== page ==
ID=25435843

Family Applications (1)

Application Number Title Priority Date Filing Date
EP19930305294 Ceased EP0579438A3 (en) 1992-07-16 1993-07-06

Country Status (3)

Country Link
US (1) US5249733A (en)
EP (1) EP0579438A3 (en)
JP (1) JP2813109B2 (en)

Cited By (10)

* Cited by examiner, † Cited by third party
Publication number Priority date Publication date Assignee Title
EP0854520A2 (en) * 1997-01-20 1998-07-22 Oki Electric Industry Co., Ltd. Method for mounting optical semiconductor device on supporting substrate
US5895360A (en) * 1996-06-26 1999-04-20 Medtronic, Inc. Gain control for a periodic signal and method regarding same
EP0932061A2 (en) * 1998-01-23 1999-07-28 Lucent Technologies Inc. Optical components having magnetic thin films for orientation and method of assembling same
EP0961327A1 (en) * 1998-05-15 1999-12-01 Nec Corporation Photosemiconductor device mounted structure
WO2000007247A1 (en) * 1998-07-30 2000-02-10 Bookham Technology Plc Lead frame attachment for optoelectronic device
GB2371923A (en) * 2000-10-13 2002-08-07 Agilent Technologies Inc Aligning an optical device system with an optical lens system
WO2002049103A3 (en) * 2000-12-15 2003-09-18 Intel Corp Microelectronic package having bumpless laminated interconnection layer
EP1495825A2 (en) * 2003-07-07 2005-01-12 Denso Corporation Brazing method
US7078788B2 (en) 2000-08-16 2006-07-18 Intel Corporation Microelectronic substrates with integrated devices
EP1959505A1 (en) * 2007-02-14 2008-08-20 TridonicAtco Optoelectronics GMBH Mounting lenses for LED modules

Families Citing this family (33)

* Cited by examiner, † Cited by third party
Publication number Priority date Publication date Assignee Title
US5499312A (en) * 1993-11-09 1996-03-12 Hewlett-Packard Company Passive alignment and packaging of optoelectronic components to optical waveguides using flip-chip bonding technology
US5568892A (en) * 1994-06-16 1996-10-29 Lucent Technologies Inc. Alignment and bonding techniques
US5985692A (en) * 1995-06-07 1999-11-16 Microunit Systems Engineering, Inc. Process for flip-chip bonding a semiconductor die having gold bump electrodes
JP2853641B2 (en) * 1996-02-27 1999-02-03 日本電気株式会社 The light-receiving device
JP3339369B2 (en) * 1997-05-30 2002-10-28 株式会社デンソー Laser diode
US6207551B1 (en) * 1999-08-24 2001-03-27 Conexant Systems, Inc. Method and apparatus using formic acid vapor as reducing agent for copper wirebonding
JP3397313B2 (en) * 1999-12-20 2003-04-14 富士通株式会社 Semiconductor device manufacturing method and electronic component mounting method
US6590283B1 (en) * 2000-02-28 2003-07-08 Agere Systems Inc. Method for hermetic leadless device interconnect using a submount
US6375060B1 (en) * 2000-07-19 2002-04-23 The Boeing Company Fluxless solder attachment of a microelectronic chip to a substrate
US7124928B2 (en) * 2001-01-16 2006-10-24 Axsun Technologies, Inc. Optical component installation and train alignment process utilizing metrology and plastic deformation
TW570856B (en) 2001-01-18 2004-01-11 Fujitsu Ltd Solder jointing system, solder jointing method, semiconductor device manufacturing method, and semiconductor device manufacturing system
US6956999B2 (en) 2001-02-20 2005-10-18 Cyberoptics Corporation Optical device
US6443631B1 (en) 2001-02-20 2002-09-03 Avanti Optics Corporation Optical module with solder bond
US20040212802A1 (en) * 2001-02-20 2004-10-28 Case Steven K. Optical device with alignment compensation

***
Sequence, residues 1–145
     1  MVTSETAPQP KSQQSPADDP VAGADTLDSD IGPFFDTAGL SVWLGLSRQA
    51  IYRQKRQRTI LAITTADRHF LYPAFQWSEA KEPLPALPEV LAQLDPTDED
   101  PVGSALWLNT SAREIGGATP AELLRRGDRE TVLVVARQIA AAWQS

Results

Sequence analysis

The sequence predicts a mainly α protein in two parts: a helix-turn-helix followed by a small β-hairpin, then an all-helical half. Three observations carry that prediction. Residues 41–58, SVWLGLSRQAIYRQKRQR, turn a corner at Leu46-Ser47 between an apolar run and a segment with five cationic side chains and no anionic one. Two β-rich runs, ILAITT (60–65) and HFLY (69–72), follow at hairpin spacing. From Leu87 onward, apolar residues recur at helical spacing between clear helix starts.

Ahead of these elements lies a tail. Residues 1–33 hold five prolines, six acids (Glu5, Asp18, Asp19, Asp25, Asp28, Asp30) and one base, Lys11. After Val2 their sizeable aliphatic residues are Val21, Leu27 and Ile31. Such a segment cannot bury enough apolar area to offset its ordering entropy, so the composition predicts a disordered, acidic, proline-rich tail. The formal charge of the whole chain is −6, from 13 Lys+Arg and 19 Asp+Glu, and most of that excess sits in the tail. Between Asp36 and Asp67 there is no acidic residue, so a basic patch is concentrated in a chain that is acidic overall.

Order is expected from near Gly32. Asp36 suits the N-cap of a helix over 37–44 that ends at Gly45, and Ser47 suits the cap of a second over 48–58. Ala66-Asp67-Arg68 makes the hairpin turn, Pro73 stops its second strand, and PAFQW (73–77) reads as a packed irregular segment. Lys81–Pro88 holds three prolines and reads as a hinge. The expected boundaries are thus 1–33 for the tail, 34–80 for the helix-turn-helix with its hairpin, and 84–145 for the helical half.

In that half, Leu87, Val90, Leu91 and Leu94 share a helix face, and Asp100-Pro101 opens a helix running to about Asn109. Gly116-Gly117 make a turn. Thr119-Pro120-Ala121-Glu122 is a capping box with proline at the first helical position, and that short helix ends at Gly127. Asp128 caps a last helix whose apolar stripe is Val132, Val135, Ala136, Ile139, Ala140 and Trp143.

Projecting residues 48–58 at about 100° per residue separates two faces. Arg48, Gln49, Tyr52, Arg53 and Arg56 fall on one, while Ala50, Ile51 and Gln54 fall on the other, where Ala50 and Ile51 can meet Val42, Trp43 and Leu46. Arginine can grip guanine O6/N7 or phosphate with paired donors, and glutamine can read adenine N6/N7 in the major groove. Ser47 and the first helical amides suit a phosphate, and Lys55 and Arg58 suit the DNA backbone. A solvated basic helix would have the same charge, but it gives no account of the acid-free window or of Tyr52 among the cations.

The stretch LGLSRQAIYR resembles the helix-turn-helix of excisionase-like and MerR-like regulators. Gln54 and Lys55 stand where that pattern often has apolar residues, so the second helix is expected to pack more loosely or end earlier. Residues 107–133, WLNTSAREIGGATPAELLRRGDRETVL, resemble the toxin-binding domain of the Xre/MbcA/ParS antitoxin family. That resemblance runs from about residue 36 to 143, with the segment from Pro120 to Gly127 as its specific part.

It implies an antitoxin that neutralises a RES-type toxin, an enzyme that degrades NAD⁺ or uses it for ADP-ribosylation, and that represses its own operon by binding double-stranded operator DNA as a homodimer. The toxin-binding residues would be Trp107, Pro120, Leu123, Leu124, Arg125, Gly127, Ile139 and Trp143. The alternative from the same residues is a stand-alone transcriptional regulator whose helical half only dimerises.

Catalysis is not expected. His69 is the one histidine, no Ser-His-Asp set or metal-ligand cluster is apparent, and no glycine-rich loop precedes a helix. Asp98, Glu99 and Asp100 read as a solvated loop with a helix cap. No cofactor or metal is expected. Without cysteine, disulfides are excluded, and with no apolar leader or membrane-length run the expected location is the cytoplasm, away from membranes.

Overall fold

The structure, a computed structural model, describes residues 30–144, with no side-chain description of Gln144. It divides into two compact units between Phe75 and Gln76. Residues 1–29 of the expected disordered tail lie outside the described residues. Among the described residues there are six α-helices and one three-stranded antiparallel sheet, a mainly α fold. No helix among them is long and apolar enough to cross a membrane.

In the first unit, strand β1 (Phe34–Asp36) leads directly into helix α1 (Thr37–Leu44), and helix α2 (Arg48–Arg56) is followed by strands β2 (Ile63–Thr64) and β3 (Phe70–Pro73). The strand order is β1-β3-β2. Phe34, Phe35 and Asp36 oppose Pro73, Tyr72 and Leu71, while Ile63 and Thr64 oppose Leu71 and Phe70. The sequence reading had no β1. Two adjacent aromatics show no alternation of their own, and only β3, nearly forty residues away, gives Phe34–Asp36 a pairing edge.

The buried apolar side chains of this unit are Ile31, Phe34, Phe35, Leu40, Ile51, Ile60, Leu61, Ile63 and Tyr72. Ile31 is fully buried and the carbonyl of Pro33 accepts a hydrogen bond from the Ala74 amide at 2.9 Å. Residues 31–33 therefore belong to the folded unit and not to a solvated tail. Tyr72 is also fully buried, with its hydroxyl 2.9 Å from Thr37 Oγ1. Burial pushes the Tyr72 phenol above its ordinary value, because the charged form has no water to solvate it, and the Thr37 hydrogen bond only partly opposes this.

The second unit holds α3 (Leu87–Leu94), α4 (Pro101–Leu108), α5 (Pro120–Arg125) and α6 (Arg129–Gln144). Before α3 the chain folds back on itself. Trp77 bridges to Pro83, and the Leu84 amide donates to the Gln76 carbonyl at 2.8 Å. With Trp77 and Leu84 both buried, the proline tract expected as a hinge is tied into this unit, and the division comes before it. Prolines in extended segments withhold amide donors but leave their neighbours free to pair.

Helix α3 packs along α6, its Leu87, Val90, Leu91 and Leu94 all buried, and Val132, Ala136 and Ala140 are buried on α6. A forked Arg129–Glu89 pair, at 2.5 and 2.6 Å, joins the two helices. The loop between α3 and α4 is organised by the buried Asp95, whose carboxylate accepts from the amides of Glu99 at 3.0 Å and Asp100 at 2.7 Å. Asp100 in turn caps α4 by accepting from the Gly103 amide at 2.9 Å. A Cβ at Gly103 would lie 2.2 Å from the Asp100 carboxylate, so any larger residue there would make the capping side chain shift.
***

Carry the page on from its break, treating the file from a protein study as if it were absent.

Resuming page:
US6546172B2 (en) 2001-02-20 2003-04-08 Avanti Optics Corporation Optical device
US6546173B2 (en) 2001-02-20 2003-04-08 Avanti Optics Corporation Optical module
US6543114B2 (en) * 2001-03-08 2003-04-08 Axsun Technologies, Inc. Manufacturing system using solder self-alignment with optical component deformation fine alignment
GB2408111A (en) * 2002-08-20 2005-05-18 Cyberoptics Corp Optical alignment mount with height adjustment
US7146083B2 (en) * 2004-03-31 2006-12-05 Imra America, Inc. Etched plate alignment method and apparatus
US7943052B2 (en) * 2005-07-05 2011-05-17 National Taiwan University Method for self-assembling microstructures
US20070007237A1 (en) * 2005-07-05 2007-01-11 National Taiwan University Method for self-assembling microstructures
US20070205253A1 (en) * 2006-03-06 2007-09-06 Infineon Technologies Ag Method for diffusion soldering
DE102007024266A1 (en) * 2007-05-23 2008-11-27 Centrotherm Thermal Solutions Gmbh + Co.Kg Method for controlling the process gas concentration
JP5262045B2 (en) * 2007-09-27 2013-08-14 富士通セミコンダクター株式会社 Electrode forming method and semiconductor device manufacturing method
US9065236B2 (en) 2010-04-30 2015-06-23 Seagate Technology Method and apparatus for aligning a laser diode on a slider
US8345517B2 (en) 2010-04-30 2013-01-01 Seagate Technology Llc Method and apparatus for aligning a laser diode on a slider
TWI405936B (en) 2010-11-23 2013-08-21 Ind Tech Res Inst Lens holder and led light board thereof
US20130153645A1 (en) * 2011-11-17 2013-06-20 Princeton Lightwave, Inc. Process for Hybrid Integration of Focal Plane Arrays
US10242977B2 (en) 2014-10-31 2019-03-26 eLux, Inc. Fluid-suspended microcomponent harvest, distribution, and reclamation
US10319878B2 (en) 2014-10-31 2019-06-11 eLux, Inc. Stratified quantum dot phosphor structure
US9093446B2 (en) 2013-01-21 2015-07-28 International Business Machines Corporation Chip stack with electrically insulating walls
US9859244B2 (en) 2016-03-24 2018-01-02 International Business Machines Corporation Chip alignment utilizing superomniphobic surface treatment of silicon die
US10189706B2 (en) * 2016-11-08 2019-01-29 Dunan Microstaq, Inc. Method for self-aligning solder-attached MEMS die to a mounting surface

Citations (1)

* Cited by examiner, † Cited by third party
Publication number Priority date Publication date Assignee Title
EP0221326A2 (en) * 1985-10-31 1987-05-13 International Business Machines Corporation Fluxless soldering process using a silane atmosphere

Family Cites Families (4)

* Cited by examiner, † Cited by third party
Publication number Priority date Publication date Assignee Title
US4771929A (en) * 1987-02-20 1988-09-20 Hollis Automation, Inc. Focused convection reflow soldering method and apparatus